ready answer when I inquired as to the name of some handsome or
distinguished-looking guest whose identity I wished to learn.

The theatre goes on interminably. Like my lady, they change their
clothes, and the scenery, in full view of the audience. The plays
are mostly historical, the women's parts being taken by men, as
women are not allowed to go on the stage. One daring company, in
imitation of the foreign custom, had a woman take one of the
parts; but a special order from the viceroy put the company out
of commission, and the leader in prison.

The guests were not expected to sit quietly watching the play,
but moved about greeting each other and chatting at will.
Servants brought tea and sweetmeats and finally a banquet was
served. Near the close of the feast it was announced that the
imperial present was coming, and the members of the household
disappeared. The deep boom of the drums and the honk of the great
horns were heard distinctly as they entered the street, and soon
the yellow imperial chair, with its thirty-six bearers in the
royal livery, moved slowly towards us between two rows of the
male members of the household who had gone out and were kneeling
on both sides of the street, knocking their heads as the chair
passed them. The great gates were thrown open and there in the
gateway the female members of the family knelt and kotowed as the
chair passed by.

The presents were taken into a room specially prepared for their
reception. The head imperial eunuch placed them in position, and,
with a low obeisance, departed, the richer by several hundred
ounces of silver. The gentlemen guests were first invited to view
these tokens of imperial favour. In order of their rank they
entered, prostrating themselves before them. Later we ladies were
invited into the room, where the Chinese all kotowed. What now
were these wonderful gifts before which these men and women of
rank and noble birth were falling upon their faces?

They were two squares of red paper, eighteen inches across,
printed in outline of the imperial dragon, on which the
characters for long life and happiness were written with the
imperial pen; and a small yellow satin box in which sat a little
gold Buddha not more than an inch in height! It was the thought,
not the value, which elicited all this appreciation.

Shall we go with this busy little princess to another festal
occasion? I was with her again. It was at the home of the sister
of one of the sweetest little princesses in the whole empire. Her
baby was a month old and she was celebrating what they call the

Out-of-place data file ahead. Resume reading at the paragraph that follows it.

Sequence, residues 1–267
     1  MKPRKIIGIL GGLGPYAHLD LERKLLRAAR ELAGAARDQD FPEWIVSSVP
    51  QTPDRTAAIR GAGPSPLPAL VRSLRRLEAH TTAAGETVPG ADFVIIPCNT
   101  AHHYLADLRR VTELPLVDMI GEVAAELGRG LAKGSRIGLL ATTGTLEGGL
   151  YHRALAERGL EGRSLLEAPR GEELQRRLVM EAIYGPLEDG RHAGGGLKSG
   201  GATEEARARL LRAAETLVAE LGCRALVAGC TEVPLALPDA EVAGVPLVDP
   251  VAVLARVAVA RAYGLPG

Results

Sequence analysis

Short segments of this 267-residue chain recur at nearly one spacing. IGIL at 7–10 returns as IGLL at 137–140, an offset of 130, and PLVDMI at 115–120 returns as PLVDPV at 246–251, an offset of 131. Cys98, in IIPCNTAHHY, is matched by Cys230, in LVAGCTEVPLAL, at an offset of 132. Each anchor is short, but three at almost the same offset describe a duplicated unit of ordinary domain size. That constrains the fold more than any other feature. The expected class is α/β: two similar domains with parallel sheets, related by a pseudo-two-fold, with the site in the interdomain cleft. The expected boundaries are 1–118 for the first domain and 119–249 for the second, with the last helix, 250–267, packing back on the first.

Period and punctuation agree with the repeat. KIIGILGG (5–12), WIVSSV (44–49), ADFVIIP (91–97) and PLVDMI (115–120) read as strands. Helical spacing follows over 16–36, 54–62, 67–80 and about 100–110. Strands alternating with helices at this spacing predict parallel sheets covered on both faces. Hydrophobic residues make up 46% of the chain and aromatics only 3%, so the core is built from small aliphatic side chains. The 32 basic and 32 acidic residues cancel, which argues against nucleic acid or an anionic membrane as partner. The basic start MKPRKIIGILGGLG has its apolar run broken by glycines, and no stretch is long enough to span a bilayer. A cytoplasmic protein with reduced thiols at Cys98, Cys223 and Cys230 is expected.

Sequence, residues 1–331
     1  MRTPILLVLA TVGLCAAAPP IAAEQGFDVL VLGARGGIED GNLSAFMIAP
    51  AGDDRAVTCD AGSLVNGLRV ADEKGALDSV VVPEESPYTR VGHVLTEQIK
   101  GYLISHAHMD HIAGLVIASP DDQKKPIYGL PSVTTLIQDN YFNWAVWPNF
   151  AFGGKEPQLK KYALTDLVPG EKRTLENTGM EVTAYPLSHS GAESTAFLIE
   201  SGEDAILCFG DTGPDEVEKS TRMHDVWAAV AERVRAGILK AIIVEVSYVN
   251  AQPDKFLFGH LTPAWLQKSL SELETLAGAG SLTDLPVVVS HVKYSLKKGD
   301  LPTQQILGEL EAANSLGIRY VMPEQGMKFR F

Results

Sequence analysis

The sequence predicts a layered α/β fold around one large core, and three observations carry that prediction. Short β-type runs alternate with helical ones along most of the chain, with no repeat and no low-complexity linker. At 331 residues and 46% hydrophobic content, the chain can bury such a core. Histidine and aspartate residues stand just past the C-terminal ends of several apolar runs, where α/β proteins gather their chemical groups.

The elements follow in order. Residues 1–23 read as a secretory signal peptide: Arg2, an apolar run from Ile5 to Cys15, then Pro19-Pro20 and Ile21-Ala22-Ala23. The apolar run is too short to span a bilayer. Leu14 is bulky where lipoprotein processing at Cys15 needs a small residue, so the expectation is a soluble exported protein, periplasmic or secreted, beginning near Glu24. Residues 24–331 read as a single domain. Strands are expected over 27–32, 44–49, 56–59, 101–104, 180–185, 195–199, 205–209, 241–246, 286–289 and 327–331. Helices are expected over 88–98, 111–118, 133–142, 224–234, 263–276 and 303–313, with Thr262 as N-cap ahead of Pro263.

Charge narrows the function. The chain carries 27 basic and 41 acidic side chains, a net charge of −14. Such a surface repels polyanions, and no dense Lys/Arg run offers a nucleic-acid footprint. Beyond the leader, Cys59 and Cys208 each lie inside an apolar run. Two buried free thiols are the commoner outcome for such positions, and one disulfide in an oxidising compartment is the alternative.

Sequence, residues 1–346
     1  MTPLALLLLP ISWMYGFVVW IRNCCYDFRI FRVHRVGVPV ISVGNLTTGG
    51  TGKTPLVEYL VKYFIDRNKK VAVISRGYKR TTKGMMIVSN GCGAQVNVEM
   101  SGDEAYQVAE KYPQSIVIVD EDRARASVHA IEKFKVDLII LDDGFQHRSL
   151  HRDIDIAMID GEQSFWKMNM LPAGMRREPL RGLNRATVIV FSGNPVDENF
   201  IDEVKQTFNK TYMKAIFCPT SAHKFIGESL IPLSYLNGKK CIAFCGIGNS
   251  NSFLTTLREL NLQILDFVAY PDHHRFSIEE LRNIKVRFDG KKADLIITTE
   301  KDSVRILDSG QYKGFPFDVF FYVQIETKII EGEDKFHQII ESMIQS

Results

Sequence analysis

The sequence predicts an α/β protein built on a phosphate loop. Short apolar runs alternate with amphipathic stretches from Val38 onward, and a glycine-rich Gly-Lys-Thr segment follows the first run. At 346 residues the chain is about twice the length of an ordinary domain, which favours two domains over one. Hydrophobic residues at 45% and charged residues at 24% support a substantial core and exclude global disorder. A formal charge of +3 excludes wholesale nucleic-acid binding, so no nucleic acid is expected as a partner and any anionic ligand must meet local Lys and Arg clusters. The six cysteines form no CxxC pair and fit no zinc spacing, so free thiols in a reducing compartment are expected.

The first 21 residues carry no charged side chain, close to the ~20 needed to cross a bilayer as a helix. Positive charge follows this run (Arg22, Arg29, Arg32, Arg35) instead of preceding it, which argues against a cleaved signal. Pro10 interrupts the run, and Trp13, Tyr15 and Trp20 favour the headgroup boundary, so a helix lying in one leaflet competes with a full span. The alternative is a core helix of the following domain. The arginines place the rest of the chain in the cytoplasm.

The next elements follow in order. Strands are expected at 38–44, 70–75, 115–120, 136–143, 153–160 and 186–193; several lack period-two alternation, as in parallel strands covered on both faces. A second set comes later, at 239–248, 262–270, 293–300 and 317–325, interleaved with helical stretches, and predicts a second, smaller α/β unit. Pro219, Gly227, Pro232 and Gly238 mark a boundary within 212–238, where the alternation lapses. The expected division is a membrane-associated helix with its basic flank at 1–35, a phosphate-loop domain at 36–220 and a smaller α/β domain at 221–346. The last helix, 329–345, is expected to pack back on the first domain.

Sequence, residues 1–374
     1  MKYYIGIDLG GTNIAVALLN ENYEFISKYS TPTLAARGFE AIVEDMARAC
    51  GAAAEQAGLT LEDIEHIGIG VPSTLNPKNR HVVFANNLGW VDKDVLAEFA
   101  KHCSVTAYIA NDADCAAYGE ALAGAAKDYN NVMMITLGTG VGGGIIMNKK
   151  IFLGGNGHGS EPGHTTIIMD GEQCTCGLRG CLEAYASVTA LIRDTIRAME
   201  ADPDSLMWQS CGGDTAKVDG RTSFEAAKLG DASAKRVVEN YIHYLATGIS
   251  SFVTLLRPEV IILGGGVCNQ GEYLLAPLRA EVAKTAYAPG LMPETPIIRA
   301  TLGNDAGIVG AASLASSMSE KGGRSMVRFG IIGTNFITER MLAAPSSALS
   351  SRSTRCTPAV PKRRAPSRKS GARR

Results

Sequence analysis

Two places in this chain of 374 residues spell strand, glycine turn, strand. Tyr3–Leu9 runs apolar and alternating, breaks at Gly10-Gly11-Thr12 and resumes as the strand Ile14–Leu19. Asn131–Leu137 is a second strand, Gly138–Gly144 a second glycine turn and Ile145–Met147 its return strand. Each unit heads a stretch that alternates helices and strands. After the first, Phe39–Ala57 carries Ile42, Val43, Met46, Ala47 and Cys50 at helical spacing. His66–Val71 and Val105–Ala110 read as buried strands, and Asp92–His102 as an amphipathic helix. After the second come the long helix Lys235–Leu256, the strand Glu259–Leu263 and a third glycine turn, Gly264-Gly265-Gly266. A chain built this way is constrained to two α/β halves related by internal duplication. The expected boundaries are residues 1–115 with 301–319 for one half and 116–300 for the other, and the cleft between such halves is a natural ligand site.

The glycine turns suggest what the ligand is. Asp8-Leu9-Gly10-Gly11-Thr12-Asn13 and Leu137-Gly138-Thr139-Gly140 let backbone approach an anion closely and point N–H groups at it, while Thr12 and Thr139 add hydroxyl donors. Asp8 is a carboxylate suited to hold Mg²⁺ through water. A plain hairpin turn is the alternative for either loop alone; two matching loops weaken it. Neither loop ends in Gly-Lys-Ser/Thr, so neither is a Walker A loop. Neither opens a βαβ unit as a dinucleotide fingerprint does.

full month feast. Instead, however, of having the usual feasting
and theatricals, the mother, who, for days after her child was
born, lay at death's door, sent out invitations to her friends to
come and fast and give thanks to the gods for sparing her life.

Though the child was a month old the mother was too wan and weak
to leave her couch. She was dressed, however, in festal robes,
and received her guests with many gracious words and apologies.
Of course only ladies were present. The great covered court was
converted into a large shrine. One could imagine they were
looking into the main hall of a temple, only that everything was
so clean and beautiful. From the centre of the shrine a Goddess
of Mercy looked down complacently upon the array of fruit, nuts,
sweetmeats and cakes spread out before her. Many candles in their
tall candlesticks were burning on every side. Before her was a
great bronze incense-burner, from which many sticks of incense
sent out their fragrant odour on the air. As each guest passed
through the court, she took a stick from the pile, lit it, and,
with a word of prayer, added it to the number.

After the guests had all arrived a princess--sister of the
hostess--accompanied by two of the leading guests, descended into
the paved court and took her place before the altar. Deep-toned
bells were touched by small boys whose shaven heads and priestly
robes denoted that they, like little Samuel, were being brought
up within the courts of the temple. The Princess took a great
bunch of incense in her two hands, one of her attendants lit it
with a torch prepared for that purpose, the flame and smoke
ascended amid the deep tones of the bells, as she prostrated
herself before the goddess. She looked like a beautiful fairy
herself as she stood with the flaming bunch of incense held high
above her head. Three times she prostrated herself and nine times
she bent forward, fulfilling all the requirements of the law.

At the close of this ceremony the ladies were invited to partake
of a feast prepared wholly of vegetables and vegetable oils. It
requires much more skill to prepare such a feast than when meat
and animal oils are used. The food furnished interesting topics
for discussion. Most of it was prepared by various temples, each
being celebrated for some particular dish, which it was asked to
provide for the occasion.

It is not uncommon for a Chinese lady to take upon herself a vow
in which she promises the gods to observe certain days of each
month as fast days, on condition that they restore to health a
mother, father, husband or child. No matter what banquet she
attends she need only mention to her hostess that she has a vow
and she is made the chief guest, helping others but eating
nothing herself. After this full month feast the baby was seen,
its presents admired, the last cup of tea drunk, the farewells
said, and we all returned home.


The Chinese Ladies--Their Ills

My home is girdled by a limpid stream,
And there in summer days life's movements pause,
Save where some swallow flits from beam to beam,
And the wild sea-gull near and nearer draws.

The good wife rules a paper board for chess;